Hechinger to close by year's end

Remaining 117 stores to sell off contents

12,000 jobs to be lost

Buried by competition

Home-improvement chain tried Chap. 11, failed to gain ground

September 10, 1999|By Shanon D. Murray | Shanon D. Murray,SUN STAFF

Hechinger Co., once the standard by which home-improvement chains were measured, will close its doors for good by the end of the year.

Just three months after filing for Chapter 11 bankruptcy protection, officials of the 88-year-old Largo-based chain said yesterday that its remaining 117 stores would be closed and its assets liquidated to pay off creditors.

The company employed more than 12,000 people.

Hechinger said it will dispose of its inventory through a going-out-of-business sale at its Hechinger, Home Quarters and Builders Square stores, which will begin immediately.

"After a decade of intense competition and continued significant losses, the decision to discontinue operations was the appropriate one," Richard Lynch, Hechinger's chief executive officer, said in a statement.

The decision to liquidate was supported by Hechinger's board of directors and its creditors' committee, the statement said.

For years Hechinger had been losing market share to No. 1 Home Depot Inc. and No. 2 Lowe's Cos. Inc. -- larger, growing and better financed home-improvement chains.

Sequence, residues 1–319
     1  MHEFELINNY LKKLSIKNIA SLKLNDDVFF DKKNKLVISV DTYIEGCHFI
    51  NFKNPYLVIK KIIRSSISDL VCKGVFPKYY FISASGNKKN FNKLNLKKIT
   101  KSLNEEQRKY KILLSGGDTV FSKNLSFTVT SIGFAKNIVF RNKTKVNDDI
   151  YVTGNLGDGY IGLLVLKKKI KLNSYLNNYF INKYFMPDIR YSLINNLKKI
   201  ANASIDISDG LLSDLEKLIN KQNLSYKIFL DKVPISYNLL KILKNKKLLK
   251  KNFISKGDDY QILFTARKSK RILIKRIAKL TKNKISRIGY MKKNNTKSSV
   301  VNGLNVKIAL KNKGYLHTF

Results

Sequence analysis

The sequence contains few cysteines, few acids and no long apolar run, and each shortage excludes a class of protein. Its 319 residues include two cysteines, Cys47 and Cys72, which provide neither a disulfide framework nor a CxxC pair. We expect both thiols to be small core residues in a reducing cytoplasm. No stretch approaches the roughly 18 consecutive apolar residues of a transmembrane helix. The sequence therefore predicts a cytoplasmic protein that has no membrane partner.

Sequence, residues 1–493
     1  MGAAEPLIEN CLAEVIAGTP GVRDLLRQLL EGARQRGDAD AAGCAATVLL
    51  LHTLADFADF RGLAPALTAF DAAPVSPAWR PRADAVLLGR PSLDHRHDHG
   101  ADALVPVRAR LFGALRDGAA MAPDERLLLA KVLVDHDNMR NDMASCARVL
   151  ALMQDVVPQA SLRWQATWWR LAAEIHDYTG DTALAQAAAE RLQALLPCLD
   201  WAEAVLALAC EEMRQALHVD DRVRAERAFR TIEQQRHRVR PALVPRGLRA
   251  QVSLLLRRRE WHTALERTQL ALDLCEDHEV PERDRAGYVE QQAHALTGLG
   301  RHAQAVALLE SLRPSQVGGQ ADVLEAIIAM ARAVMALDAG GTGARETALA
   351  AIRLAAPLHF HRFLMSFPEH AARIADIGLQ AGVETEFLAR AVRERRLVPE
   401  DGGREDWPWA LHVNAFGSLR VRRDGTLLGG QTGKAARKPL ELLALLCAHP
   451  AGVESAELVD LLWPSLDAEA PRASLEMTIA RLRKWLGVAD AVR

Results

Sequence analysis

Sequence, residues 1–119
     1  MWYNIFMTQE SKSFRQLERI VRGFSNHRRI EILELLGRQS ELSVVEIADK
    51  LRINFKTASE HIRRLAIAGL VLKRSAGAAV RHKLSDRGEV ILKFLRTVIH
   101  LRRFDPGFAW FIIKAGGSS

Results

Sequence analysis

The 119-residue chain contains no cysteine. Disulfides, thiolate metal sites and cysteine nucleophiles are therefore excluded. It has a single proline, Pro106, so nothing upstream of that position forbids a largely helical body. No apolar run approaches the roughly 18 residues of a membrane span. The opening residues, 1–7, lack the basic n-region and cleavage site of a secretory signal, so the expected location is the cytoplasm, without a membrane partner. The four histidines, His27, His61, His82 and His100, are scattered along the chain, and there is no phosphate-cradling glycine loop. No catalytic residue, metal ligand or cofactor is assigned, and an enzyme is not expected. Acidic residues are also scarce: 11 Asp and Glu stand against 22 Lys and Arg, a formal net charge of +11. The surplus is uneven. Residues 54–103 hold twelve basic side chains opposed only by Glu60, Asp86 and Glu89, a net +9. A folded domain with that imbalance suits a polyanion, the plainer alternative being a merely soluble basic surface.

Hechinger's sales continued to decline much more than expected after it sought bankruptcy protection in June, said Don Stallings, Hechinger's president and chief operating officer.

The privately held company listed $1.3 billion in assets and $1.4 billion in liabilities when it filed its Chapter 11 petition at the U.S. Bankruptcy Court in Wilmington, Del.

Before that, Hechinger had announced in February that it would close 34 stores. In June, it added 89 stores to the list.

The company said it intended to focus on a core of 117 stores in 21 states, including nine in the Baltimore area.

As of last week, the company appeared to be on track to keep its remaining stores open. A U.S. bankruptcy judge approved Hechinger's plan to spend $6.3 million to retain its employees.

The deal included improved severance benefits, which would be paid to employees if layoffs occurred at the stores during the Chapter 11 reorganization. At the time, the company said no further layoffs were planned.

Still, for Hechinger to reorganize, "we had to stabilize our sales base. That's the first thing that had to happen," Stallings said. "We were unable to do that.

"There were increasing competitive pressures from companies with greater financial resources," he said, adding that in the past 12 months, its competitors opened more than 120 stores in the same markets with Hechinger stores.

"Customers had brand-new, fresh-looking choices" compared with Hechinger's older models, he said. The company expects to shut down in December, once the liquidation is completed, he said.

The announcement yesterday confirmed suspicions by retail analysts and experts that the company would not be able to re-emerge from bankruptcy, let alone compete.